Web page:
Lenovo Thinkpad Helix

At CES 2013, Lenovo introduced a new premium convertible laptop. The ThinkPad Helix. A convertible ultrabook with multitouch support, it’s versatile and offers more in terms of connectivity than many comparable ultrabooks. The base stand provides an excellent keyboard and spare USB ports.

During the past months we have seen more and more convertible ultrabooks being announced. But the ThinkPad Helix is no normal convertible with double duty, it has triple. It’s a laptop, it’s a table, but also has a specific presentation mode which many people would love, including myself. Whenever you need to present something for a small group of people, the presentation mode is an ideal option to have. With a simple lift and turn you have yourself a full-fledged presenter.

ThinkPad Helix combines the performance of a business ultrabook with the mobility of a tablet. The Lenovo ThinkPad Helix is a hybrid Windows 8 laptop-tablet that doesn’t let the other ThinkPad devices down. It’s robust, it’s functional and the price tells you won’t be buying any junk. This almost $1800 11.6-inch hybrid offers greater flexibility than some of the competition. Lenovo claims it has a 10 hour battery life. In my tests, during a normal activity day, it almost lived up to that. Which is an excellent duration. It comes with a digitizer pen comfortable hidden inside the tablet part. It functions as advertised and I had no problem using it.

 

Specifications:

Laptop type Ultraportable, Convertible tablet
Thickness 0.8 inches
Weight 3.68 pounds
Operating system Windows 8 Pro
Screen size 11.6 inches 1920 x 1080 IPS Full HD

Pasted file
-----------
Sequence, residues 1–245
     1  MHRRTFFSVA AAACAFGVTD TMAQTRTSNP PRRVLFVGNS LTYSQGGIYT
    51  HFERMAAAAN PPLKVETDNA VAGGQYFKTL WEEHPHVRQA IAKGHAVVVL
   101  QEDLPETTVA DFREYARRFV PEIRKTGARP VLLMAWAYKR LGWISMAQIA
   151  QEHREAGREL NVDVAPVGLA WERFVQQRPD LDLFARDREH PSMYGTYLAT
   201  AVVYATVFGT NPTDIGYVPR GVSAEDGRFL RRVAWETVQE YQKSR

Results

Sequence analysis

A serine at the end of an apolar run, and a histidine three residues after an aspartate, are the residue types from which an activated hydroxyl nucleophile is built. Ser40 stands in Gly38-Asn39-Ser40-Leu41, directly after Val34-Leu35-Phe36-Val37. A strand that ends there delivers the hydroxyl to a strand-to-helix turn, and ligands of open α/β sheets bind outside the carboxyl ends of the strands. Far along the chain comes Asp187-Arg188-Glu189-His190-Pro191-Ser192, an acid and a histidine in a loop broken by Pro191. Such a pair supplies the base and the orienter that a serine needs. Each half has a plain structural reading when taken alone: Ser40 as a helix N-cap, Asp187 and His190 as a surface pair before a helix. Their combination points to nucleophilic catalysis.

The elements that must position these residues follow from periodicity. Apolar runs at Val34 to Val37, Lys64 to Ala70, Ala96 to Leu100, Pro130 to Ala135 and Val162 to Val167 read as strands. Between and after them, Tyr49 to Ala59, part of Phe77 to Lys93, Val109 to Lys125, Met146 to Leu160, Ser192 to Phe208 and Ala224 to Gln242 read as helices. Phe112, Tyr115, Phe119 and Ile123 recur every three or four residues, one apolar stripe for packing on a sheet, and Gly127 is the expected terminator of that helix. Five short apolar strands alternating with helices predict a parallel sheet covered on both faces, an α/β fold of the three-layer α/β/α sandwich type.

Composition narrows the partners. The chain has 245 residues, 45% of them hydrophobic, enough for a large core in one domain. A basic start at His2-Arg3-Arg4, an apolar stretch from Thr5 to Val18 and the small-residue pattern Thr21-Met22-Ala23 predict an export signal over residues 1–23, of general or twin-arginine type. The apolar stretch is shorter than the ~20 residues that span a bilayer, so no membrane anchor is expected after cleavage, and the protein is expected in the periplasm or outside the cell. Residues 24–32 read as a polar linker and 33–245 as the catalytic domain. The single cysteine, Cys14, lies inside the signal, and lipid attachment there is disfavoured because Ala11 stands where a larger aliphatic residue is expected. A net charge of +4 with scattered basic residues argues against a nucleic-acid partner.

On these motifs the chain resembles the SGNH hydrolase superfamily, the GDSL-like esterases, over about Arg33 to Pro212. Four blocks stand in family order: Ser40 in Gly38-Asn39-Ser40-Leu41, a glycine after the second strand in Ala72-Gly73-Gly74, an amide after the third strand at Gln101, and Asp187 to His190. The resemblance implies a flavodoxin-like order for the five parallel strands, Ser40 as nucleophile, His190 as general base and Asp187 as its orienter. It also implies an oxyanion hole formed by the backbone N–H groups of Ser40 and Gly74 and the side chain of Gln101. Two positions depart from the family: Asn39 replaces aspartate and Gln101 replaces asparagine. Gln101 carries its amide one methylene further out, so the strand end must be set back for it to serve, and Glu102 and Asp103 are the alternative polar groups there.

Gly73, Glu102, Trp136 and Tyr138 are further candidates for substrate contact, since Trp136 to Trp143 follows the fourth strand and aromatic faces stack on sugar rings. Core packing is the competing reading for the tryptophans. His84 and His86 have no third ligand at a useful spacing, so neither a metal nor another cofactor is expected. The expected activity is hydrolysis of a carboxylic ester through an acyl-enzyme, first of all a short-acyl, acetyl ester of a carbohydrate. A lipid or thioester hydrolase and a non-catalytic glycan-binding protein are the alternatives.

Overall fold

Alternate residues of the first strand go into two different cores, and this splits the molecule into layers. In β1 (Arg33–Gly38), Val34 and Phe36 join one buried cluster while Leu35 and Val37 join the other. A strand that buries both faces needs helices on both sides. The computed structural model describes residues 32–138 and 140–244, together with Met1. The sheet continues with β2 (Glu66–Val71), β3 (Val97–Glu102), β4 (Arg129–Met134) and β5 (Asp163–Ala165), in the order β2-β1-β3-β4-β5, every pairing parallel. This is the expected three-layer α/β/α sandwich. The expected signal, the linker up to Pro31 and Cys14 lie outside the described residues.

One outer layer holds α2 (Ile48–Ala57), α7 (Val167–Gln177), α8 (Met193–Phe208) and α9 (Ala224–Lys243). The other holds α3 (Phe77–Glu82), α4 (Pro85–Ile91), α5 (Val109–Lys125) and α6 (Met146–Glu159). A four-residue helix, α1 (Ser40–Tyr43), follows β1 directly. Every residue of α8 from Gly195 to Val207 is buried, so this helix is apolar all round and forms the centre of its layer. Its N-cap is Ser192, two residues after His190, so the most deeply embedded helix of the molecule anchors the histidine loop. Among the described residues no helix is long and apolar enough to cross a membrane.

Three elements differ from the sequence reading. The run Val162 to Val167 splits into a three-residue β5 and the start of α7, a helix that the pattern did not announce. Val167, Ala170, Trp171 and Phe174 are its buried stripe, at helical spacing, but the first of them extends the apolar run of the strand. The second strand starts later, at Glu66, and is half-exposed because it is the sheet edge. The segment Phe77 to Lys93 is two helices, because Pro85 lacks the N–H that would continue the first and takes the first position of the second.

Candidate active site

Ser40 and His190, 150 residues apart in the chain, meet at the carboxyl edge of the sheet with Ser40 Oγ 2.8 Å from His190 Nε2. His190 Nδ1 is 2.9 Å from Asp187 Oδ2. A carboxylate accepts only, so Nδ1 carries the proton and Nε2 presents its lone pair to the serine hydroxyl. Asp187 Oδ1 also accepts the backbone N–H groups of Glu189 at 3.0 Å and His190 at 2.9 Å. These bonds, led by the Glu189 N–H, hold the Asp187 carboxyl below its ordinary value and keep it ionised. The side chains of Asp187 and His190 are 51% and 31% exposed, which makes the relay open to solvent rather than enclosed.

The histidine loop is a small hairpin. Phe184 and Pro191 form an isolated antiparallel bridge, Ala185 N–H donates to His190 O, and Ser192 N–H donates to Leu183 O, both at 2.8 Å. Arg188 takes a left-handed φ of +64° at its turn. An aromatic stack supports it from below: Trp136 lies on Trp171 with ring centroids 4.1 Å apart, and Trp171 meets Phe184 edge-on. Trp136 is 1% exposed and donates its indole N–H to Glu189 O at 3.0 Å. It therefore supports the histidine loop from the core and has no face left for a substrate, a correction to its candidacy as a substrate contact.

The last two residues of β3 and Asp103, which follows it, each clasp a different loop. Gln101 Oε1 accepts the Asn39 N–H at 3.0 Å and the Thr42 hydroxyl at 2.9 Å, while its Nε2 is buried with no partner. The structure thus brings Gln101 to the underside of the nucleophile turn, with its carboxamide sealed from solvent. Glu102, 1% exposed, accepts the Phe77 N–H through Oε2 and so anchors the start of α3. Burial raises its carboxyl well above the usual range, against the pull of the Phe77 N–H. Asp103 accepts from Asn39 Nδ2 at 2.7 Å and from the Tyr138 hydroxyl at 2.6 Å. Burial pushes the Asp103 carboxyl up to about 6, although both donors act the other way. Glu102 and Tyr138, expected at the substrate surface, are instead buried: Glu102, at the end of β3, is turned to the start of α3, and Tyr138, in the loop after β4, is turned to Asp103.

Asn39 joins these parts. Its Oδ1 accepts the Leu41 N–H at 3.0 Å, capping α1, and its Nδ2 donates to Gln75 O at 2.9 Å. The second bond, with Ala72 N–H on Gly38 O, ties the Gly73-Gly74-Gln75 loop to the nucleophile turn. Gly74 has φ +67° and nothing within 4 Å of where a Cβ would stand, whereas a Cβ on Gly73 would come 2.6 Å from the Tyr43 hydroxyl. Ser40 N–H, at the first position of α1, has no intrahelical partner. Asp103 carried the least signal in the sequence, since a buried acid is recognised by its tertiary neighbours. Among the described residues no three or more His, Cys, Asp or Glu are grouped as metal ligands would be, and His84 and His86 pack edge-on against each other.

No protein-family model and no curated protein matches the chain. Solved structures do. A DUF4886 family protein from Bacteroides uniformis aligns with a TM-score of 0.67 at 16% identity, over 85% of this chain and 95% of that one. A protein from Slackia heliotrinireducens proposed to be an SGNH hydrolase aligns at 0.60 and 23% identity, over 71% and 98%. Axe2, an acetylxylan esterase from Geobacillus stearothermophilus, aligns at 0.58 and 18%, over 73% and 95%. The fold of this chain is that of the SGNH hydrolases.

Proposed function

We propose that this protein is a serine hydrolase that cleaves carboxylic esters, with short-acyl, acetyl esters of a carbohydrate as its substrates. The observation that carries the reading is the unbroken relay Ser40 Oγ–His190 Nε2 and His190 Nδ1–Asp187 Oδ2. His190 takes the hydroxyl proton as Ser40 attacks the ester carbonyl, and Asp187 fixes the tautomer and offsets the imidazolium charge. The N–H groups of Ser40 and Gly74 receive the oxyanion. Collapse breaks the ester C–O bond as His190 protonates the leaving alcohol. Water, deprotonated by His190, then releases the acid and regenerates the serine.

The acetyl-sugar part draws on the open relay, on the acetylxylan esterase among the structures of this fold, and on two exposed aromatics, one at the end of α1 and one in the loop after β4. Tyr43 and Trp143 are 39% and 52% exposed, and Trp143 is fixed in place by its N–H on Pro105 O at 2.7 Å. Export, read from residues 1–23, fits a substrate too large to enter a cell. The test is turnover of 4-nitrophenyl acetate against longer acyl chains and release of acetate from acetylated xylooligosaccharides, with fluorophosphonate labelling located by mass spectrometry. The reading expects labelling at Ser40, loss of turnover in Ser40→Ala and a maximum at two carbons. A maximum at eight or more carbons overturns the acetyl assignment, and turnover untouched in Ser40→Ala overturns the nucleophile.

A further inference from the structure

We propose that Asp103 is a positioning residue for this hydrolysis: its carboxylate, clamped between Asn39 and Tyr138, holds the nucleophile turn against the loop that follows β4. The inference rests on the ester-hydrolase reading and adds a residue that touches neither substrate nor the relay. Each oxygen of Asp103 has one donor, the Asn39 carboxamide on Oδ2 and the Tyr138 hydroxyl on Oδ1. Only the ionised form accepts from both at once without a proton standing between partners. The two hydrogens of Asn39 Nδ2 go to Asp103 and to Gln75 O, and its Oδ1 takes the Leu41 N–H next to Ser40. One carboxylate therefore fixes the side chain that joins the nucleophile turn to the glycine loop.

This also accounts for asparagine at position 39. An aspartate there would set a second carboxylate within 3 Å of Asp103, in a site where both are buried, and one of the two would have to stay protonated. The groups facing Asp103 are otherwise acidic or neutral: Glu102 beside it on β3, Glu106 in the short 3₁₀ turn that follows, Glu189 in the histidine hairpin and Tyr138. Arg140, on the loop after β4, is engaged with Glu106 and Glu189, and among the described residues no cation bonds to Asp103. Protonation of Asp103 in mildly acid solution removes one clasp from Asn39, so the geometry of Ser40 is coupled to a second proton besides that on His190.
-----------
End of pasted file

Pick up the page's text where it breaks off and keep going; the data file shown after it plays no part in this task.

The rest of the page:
Touch technology Capacitive Multi-touch
CPU brand Intel Core i5 3317U – 1.7 MHZ
CPU family Ivy Bridge
Graphics type Intel HD 4000
Memory 4 GB DDR3 SDRAM
Hard drive 180 GB SSD

 

The only bad thing I can say about the ThinkPad Helix is that I would like to have an Ethernet port on the body itself, not through a USB dongle. And it’s a little bit heavy for an ultrabook but as soon as you remove the tablet from the keyboard dock you have a better weight. And bear in mind that the processor is behind the screen, so a lot of the components usually in the base under the keyboard in normal ultrabooks are all of a sudden in the screen itself, which might add to the weight a little. Taking that into account the Helix is rather well balanced, the screen really doesn’t feel heavier. Lenovo managed to build a special high speed connection between the dock and the screen, ensuring no delay between the two, allowing some of the heavier components not needed for the tablet part to lay in under the keyboard. A very clever approach. And we can’t forget that this is an 11.6 inch screen, so it’s not really fair to compare it directly to all the 10 inch tablets out there, it’s supposed to be heavier.

I truly recommend the ThinkPad Helix. I think Lenovo has done a wonderful job and I think this device is one of the best convertibles out there right now. There might be more options on the way in the near future but who wants to wait. Not me at least.

 

Here is more information from Wikipedia on the Thinkpad Helix

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About Adam Scott


I was born in San Jose California in 1978. My mom is a housewife and my dad is an engineer. I've always looked up to him because I love technology and always been very enthusiastic about it. The things I buy have to be good quality and they have to be able to do the job I require of them. I don't buy junk, and I don't recommend it either. My goal with this website is to share my enthusiasm (mainly so my friends and relatives don't have to call me all the time for advice), but also so you, my dear reader, can benefit from what I discover when testing all these gadgets.

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